• It is difficult to break with tradition
    • Supporters want them to look familiar
    • There is no room for failure
    • We want them to fail

The thing I find the most challenging is when you pioneer "invent" something new, show it and the Old Boys look at you saying "you have no data". To which I reply "You have stagnant mistakes, and no vision at all". But somehow they prefer to repeat the existing rather than trying something new.

This, too, is about crushing the ego. In order to be a pioneer, you (generic) need to be able to make mistakes and learn from them rather than be defensive of your work. But Westerners, raised to value ego, find excuses over excuses to claim their work remarkable even when it is not. The world will belong to Asians and Mediterraneans, sooner or later, because they have the cultural capability of correcting their mistakes.

Furthermore, most of such "scholars" are completely uneducated in philosophy of science and think that when you (generic) contest their results you have to prove yours valid rather than theirs wrong. Amazingly uneducated folks.

Margaret on scientists:

"Thomas Kuhn described the behavior of scientists when confronted with evidence that pointed to a truly new world view. (see The Structure of Scientific Revolutions, 1996, 1974) When the new evidence clearly demonstrated the need for a change in paradigms, scientists were observed working hard to make the evidence conform to their old worldview. In defense of the old, they would discard or reinterpret the data. (This was always done unconsciously.) And in the most startling instances, they actually would be blind to the new information-even with the data in front of them, they literally could not see it. For them, the new did not exist."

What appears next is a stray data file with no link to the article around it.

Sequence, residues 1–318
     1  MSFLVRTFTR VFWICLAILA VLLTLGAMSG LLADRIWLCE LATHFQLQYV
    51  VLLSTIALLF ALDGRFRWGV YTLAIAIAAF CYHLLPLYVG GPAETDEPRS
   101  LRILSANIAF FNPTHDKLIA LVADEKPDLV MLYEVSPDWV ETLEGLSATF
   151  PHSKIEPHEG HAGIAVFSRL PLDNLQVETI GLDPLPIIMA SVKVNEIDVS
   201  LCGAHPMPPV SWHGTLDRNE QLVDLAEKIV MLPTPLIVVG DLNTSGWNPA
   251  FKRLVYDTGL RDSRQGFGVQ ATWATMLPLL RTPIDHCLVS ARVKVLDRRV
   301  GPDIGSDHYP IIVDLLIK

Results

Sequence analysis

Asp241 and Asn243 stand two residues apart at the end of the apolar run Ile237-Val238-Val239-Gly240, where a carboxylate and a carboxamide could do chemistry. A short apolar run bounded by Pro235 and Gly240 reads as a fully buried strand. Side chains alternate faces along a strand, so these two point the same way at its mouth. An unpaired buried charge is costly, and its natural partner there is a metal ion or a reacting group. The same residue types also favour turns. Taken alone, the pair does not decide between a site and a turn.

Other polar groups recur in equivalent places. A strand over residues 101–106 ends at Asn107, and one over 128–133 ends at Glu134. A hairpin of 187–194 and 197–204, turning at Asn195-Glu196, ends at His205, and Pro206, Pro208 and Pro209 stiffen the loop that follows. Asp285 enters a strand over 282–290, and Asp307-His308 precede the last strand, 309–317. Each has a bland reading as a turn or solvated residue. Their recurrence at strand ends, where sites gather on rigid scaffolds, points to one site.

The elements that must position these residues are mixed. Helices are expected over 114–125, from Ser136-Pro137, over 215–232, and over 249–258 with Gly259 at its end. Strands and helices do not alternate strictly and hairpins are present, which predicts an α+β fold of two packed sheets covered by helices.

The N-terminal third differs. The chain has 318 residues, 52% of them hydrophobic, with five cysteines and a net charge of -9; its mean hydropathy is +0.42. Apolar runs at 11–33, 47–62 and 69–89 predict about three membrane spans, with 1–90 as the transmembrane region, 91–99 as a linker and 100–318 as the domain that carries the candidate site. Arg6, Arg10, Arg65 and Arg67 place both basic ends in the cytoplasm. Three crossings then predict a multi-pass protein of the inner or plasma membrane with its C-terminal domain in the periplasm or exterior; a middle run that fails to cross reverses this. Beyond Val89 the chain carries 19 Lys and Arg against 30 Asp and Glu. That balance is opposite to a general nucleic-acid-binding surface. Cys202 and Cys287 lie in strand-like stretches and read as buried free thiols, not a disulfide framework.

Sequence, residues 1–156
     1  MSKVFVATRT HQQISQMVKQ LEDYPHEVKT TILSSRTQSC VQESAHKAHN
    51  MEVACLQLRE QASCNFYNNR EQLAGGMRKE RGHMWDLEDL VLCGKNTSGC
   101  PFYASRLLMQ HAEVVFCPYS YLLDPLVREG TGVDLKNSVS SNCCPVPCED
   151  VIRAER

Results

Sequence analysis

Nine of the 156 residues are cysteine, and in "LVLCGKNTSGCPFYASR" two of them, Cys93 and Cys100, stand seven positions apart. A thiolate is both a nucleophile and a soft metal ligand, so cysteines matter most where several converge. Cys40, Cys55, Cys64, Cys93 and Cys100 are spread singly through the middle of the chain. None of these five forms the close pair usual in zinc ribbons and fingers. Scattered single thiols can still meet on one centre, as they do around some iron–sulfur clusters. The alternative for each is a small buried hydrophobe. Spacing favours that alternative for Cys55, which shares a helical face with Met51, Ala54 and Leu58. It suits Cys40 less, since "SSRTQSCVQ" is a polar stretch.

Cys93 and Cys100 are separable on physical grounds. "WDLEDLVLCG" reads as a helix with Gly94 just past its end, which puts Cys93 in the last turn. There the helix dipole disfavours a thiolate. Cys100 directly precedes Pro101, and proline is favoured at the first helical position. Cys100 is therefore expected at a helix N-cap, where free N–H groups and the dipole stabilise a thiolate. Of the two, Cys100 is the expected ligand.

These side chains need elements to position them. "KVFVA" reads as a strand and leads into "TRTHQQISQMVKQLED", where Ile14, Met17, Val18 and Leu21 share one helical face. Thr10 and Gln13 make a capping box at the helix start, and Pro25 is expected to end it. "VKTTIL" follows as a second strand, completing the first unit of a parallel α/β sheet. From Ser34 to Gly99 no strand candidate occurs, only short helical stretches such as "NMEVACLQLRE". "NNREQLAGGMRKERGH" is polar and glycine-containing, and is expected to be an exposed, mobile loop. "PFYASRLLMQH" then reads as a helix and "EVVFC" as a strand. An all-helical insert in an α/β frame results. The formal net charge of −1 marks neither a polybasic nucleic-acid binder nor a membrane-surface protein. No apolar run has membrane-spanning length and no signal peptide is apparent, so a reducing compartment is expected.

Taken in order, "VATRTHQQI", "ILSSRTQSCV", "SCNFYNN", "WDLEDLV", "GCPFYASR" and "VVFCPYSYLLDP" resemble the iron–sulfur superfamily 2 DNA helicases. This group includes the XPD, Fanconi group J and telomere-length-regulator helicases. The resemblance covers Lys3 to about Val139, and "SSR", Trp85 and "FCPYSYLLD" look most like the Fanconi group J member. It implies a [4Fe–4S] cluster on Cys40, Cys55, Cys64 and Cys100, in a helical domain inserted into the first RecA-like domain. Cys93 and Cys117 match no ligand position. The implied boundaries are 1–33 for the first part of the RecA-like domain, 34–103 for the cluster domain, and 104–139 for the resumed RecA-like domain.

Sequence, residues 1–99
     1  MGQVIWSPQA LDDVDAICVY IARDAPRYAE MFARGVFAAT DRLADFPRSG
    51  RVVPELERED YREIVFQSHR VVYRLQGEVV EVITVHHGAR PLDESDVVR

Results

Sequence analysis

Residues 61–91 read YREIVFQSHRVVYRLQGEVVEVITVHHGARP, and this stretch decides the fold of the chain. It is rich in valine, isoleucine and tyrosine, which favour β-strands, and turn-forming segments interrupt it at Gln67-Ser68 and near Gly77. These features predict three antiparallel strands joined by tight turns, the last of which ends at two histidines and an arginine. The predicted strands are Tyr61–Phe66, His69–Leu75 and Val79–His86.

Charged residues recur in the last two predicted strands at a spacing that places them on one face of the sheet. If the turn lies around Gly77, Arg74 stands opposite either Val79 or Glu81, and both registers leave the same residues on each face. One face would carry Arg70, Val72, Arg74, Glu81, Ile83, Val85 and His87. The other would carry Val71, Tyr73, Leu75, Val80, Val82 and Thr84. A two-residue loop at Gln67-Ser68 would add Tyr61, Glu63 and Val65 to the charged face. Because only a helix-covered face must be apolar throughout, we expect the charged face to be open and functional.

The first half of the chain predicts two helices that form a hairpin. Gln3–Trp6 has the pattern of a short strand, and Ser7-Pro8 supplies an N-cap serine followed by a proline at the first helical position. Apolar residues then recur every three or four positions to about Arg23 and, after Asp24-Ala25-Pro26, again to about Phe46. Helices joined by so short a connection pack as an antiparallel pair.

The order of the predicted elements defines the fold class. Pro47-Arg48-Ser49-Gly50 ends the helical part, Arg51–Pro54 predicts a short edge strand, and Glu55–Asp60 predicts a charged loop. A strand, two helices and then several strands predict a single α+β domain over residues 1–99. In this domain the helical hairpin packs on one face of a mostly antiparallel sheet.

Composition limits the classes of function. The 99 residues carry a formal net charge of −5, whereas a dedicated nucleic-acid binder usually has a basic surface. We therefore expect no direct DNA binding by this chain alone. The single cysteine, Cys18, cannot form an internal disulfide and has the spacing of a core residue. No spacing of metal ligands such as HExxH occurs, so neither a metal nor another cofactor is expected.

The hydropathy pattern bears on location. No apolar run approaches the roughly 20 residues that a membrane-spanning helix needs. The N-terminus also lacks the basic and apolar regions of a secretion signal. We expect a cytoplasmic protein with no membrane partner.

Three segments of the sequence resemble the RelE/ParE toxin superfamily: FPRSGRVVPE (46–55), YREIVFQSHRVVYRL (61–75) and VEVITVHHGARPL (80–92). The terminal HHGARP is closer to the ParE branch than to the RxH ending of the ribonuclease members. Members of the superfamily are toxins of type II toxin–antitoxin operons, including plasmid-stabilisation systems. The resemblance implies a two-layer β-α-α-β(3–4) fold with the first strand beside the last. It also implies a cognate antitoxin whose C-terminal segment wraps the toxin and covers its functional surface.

This fits with the constructivist approach to learning: in order to learn you (generic) reinterpret new knowledge in light of your (previous) mental models. That basically implies: if your mental models aren't flexible, you're toasted. And that also explains how scientists, that are supposed to be able to criticize theories (theirs own included), if they aren't flexible enough to self-criticize, they can't accomplish much as far as science is regarded.

Margaret on learning and Freire:

"When people understand the forces creating the adverse conditions of their life, and how they might change those forces, they become eager and rapid learners. They are capable of learning sophisticated skills that far surpass traditional assumptions about their intellectual capacity. And they learn these skills faster than anyone would have thought possible."

This is, basically, why support groups do work and also why communities of practice generate new knowledge. Sharing generates new understandings, that are shared, and that generate more knowledge.

Without loosening the sense of ego there is no leadership, no KM, no learning, no sustainability, no CoP. It's all about building some schemes, calling them "best practice" and refusing to hear anything else.